Three and Out: Rookies make impact; the 18-play drive
Frank Gore finished the game with 101 yards on 25 carries. (USA TODAY IMAGES)
SAN FRANCISCO – There was little deception and even fewer surprises for the 49ers, as they set out to extend their lead and take some time off the clock.
Offensive coordinator Greg Roman kept calling the play, and the 49ers' offensive line and running back Frank Gore kept delivering.
The 49ers’ landmark 18-play, 89-yard drive chewed up 9 ½ minutes well into the fourth quarter and stood as the knockout punch for the 49ers’ 32-20 victory over the Arizona Cardinals in an NFC West brawl Sunday at Candlestick Park.
Coach Jim Harbaugh summed it up as “grinding some meat,” which is an apt description for a drive that concluded with eight consecutive run plays.
“Playing tough, hardnosed football,” Harbaugh explained. “Grinding out the running game, pounding, pounding the meat, grinding the meat.”
Gore, who finished with 101 yards rushing on 25 carries, gave way to Kendall Hunter, who supplied the final blow with a 6-yard touchdown run on Power 94 to provide the 49ers with a 29-20 lead with 6:35 remaining in the game.
“I’d rather have Kendall in the game when he’s fresh than me when I’m tired,” said Gore, who did all the dirty work on the game-clinching drive.
There were plenty of exhausted players on the field during the longest drive in an NFL game this season.
Quarterback Colin Kaepernick kept the drive alive with third-down conversions to Anquan Boldin and Kyle Williams. Fullback Bruce Miller, who had not carried the ball all season, got the surprise call on a fourth-and-1 run play to keep the drive alive.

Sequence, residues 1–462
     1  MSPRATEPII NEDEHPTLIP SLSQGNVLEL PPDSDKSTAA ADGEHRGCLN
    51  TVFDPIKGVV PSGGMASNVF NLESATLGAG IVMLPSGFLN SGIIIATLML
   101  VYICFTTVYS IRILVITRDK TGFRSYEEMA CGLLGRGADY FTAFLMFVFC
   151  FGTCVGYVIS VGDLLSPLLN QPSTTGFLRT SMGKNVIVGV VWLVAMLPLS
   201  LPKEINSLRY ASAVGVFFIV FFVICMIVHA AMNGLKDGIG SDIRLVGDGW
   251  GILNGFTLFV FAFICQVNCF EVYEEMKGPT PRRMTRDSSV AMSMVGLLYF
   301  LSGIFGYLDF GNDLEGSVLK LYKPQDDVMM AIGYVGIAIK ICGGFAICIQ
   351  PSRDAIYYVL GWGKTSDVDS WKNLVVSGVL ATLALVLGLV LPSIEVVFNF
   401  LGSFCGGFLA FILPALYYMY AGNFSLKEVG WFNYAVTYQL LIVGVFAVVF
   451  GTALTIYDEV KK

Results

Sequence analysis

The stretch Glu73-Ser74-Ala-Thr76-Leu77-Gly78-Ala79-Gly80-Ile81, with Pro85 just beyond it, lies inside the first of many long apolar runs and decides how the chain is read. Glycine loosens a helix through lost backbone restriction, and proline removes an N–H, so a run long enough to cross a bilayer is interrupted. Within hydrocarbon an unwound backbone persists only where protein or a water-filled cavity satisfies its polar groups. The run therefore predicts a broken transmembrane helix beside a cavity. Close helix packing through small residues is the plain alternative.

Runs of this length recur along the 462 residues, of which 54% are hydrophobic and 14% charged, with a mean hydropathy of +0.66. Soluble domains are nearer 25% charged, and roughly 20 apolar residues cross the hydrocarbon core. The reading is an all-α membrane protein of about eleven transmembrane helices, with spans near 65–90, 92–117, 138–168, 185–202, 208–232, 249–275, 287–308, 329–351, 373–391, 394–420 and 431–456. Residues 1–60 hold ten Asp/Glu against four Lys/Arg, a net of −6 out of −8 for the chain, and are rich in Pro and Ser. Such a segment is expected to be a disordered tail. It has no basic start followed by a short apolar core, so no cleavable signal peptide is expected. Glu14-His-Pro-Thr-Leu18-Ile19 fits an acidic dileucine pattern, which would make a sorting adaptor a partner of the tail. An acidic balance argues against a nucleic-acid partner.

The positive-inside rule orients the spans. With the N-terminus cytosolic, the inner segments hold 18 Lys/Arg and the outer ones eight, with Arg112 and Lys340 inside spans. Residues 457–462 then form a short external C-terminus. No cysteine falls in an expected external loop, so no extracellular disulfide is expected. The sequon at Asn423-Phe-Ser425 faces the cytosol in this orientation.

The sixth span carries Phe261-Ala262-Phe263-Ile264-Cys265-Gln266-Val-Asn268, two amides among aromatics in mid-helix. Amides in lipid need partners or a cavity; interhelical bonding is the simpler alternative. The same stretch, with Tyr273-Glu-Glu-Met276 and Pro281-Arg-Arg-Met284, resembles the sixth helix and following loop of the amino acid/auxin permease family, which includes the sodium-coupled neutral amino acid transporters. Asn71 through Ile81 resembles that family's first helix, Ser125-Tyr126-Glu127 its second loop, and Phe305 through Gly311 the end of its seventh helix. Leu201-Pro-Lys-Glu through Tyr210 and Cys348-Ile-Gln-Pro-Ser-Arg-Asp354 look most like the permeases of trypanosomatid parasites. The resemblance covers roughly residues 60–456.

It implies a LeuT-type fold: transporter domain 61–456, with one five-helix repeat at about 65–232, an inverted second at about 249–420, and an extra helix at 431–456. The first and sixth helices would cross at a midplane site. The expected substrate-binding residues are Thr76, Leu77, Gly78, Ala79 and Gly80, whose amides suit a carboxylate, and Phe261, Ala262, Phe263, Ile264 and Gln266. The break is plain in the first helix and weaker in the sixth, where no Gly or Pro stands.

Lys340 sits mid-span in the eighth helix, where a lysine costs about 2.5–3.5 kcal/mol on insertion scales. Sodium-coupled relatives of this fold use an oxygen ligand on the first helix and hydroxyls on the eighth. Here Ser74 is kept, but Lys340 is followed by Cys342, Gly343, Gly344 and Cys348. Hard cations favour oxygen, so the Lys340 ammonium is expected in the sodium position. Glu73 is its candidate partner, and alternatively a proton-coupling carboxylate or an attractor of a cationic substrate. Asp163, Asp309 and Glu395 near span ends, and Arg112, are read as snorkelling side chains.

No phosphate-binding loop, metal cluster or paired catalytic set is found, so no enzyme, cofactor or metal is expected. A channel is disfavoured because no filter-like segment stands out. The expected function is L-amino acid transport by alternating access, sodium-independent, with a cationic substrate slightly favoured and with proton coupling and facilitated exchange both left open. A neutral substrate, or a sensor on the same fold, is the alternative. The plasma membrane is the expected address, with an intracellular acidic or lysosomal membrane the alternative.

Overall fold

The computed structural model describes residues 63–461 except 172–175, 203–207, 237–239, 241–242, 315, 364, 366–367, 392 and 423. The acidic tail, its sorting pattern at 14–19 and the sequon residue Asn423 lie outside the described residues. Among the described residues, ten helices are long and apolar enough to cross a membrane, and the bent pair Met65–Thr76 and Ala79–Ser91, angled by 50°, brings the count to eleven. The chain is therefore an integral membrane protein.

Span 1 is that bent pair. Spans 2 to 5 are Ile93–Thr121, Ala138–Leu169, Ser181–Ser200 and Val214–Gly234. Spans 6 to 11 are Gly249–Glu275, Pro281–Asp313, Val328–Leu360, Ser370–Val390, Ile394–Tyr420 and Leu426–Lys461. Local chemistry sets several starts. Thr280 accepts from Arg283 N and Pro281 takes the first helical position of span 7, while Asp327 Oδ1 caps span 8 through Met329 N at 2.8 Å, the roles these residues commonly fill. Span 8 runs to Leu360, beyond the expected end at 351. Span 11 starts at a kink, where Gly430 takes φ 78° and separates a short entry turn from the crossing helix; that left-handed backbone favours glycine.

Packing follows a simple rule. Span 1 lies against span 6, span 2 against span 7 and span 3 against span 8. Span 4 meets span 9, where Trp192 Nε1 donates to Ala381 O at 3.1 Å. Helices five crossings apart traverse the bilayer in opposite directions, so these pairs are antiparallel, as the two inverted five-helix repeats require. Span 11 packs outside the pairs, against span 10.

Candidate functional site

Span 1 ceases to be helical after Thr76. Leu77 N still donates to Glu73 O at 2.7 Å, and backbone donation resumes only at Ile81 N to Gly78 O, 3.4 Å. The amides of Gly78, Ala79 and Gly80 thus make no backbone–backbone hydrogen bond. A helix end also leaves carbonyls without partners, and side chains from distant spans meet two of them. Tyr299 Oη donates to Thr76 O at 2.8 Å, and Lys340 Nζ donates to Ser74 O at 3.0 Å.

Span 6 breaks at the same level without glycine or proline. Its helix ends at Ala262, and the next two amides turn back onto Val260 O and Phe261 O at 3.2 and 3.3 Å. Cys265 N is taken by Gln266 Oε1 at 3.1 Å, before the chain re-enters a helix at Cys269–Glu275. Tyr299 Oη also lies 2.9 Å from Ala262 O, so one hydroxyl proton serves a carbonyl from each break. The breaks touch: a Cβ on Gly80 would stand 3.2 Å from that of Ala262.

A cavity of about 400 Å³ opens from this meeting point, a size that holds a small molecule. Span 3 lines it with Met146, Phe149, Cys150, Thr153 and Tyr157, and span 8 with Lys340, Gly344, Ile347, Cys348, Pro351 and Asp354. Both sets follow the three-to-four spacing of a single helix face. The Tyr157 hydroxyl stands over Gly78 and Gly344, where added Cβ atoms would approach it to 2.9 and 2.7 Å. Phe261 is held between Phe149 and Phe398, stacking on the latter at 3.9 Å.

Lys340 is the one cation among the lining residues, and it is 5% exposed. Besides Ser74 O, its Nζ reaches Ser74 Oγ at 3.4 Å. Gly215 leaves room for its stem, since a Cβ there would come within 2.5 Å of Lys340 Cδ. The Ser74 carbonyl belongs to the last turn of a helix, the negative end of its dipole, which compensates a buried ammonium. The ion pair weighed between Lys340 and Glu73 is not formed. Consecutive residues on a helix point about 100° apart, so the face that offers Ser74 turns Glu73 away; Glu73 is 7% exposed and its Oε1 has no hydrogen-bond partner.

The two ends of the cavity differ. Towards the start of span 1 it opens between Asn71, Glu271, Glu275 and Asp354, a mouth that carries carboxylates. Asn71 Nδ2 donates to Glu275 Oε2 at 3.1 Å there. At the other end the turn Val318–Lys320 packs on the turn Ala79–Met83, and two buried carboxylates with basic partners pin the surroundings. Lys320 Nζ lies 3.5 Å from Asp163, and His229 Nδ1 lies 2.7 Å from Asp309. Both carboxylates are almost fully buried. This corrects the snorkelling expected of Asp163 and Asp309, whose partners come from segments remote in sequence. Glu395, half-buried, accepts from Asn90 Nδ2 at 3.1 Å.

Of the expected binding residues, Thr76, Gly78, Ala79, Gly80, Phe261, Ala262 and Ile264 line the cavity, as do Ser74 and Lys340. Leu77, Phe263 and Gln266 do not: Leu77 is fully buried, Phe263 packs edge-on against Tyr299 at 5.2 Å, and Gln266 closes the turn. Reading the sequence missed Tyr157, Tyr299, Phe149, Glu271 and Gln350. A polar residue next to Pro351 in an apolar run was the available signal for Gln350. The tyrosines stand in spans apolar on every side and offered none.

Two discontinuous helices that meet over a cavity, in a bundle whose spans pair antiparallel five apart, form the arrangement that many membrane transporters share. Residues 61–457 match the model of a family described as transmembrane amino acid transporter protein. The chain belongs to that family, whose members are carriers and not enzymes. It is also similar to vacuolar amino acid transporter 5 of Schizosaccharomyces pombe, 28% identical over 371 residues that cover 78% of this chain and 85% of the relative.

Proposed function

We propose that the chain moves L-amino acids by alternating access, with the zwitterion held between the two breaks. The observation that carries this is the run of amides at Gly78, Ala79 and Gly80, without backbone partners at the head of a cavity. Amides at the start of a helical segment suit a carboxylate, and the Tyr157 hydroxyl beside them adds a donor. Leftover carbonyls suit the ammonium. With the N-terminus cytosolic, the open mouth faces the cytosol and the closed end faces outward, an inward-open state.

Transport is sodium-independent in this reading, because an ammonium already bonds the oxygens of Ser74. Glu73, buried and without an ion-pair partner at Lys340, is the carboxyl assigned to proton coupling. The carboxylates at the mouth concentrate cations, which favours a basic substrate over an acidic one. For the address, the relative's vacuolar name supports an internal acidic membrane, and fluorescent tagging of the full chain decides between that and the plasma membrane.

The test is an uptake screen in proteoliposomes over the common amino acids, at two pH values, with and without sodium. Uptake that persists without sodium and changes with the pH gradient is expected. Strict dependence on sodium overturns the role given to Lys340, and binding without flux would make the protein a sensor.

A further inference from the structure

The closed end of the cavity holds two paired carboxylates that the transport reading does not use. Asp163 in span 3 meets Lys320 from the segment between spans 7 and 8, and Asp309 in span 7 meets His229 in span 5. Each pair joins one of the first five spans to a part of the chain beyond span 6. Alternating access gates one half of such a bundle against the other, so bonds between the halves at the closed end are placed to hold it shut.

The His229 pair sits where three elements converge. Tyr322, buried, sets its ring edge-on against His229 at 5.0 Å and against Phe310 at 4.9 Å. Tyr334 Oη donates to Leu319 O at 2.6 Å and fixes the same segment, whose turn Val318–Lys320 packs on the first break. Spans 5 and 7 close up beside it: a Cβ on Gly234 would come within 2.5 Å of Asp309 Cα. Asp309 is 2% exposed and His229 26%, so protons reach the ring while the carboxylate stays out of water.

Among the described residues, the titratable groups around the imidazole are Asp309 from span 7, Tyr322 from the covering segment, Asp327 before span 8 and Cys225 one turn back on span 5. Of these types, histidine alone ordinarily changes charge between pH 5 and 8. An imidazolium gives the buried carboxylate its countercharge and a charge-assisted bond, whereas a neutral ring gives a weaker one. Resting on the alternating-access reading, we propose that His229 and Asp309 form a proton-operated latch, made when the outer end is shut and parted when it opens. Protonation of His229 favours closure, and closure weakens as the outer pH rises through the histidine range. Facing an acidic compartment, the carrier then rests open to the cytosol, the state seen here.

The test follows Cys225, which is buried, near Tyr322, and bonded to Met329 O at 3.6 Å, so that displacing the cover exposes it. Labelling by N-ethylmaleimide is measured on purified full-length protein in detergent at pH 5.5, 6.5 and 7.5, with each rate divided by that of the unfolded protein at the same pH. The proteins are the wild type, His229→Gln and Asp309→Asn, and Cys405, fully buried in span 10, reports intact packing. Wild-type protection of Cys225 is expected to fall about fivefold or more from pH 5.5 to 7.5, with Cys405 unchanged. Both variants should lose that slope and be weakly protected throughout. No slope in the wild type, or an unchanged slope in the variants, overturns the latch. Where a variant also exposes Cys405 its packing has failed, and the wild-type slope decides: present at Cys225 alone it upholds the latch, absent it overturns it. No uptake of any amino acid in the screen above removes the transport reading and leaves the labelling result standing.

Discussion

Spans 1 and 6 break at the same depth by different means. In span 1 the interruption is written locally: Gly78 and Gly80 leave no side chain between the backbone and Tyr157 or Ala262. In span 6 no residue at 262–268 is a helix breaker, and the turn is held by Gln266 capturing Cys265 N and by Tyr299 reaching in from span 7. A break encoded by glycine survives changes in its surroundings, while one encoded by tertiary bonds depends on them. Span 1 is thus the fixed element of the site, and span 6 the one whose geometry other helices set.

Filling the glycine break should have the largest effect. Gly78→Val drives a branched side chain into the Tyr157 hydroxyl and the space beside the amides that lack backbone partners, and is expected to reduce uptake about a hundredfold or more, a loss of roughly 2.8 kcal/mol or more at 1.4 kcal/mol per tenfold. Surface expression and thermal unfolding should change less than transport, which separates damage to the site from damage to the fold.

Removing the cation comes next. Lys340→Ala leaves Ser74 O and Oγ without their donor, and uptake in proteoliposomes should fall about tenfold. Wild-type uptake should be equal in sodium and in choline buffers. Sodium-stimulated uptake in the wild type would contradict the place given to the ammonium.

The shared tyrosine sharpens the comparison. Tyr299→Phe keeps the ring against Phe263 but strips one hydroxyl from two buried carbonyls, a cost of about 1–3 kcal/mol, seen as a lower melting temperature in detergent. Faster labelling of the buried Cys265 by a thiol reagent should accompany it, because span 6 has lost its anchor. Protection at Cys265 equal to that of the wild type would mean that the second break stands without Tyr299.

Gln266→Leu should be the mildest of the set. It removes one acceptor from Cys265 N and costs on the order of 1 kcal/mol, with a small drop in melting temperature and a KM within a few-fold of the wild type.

“We got some of the top offensive players in the league and fourth and 1, I was expecting Frank to get that carry,” Miller said. “But it was part of the game plan and I was really glad not only that G-Ro (Roman) had the faith to call it on fourth and 1, but that I was able to get that and keep the drive alive.”
Roman showed very little variety with his play-calling on the drive, as the 49ers stuck with a straight-ahead running game. The 49ers had 12 run plays on the drive. Most of them came on a play over right guard Alex Boone in which Miller leads into the hole and left guard Mike Iupati or fill-in Adam Snyder pulled to that side. The 49ers ran the same play five times during the final 11 snaps on the drive.
It just seemed as if they ran it every time.
“We probably ran ‘94 Power’ 12 times in a row,” Miller said. “There’ll be some sore bodies tomorrow.”
Gore had just 20 yards rushing at halftime, but he picked up steam in the second half as the 49ers featured more of a power-running game and fewer misdirection and runs to the edges.
“It’s almost like running into a brick wall over and over and seeing what you can get,” 49ers center Jonathan Goodwin said.
Eventually, that Cardinals defense, which entered the game ranked second in the NFL against the run, got toppled.
“That’s the thing with those early runs,” 49ers left tackle Joe Staley said. “Those 2-yard runs, those body blows he throws, as we keep feeding him, those are going to turn into bigger runs for us.”
Afterward, Gore was sore. But he called it "my type of game." A game that opened with an opening four drives that did not yield a first down ended with the 49ers returning to the basics that have been on display during the team's three-game win streak.
"When I get in the rhythm, I just feel like I can do whatever I want," Gore said. "When my O-linemen are doing their jobs, I'm good. And when my fullback is doing his job, I'm good."
And when the 49ers needed it most on Sunday, Gore and the run-blocking was a whole lot better than merely good.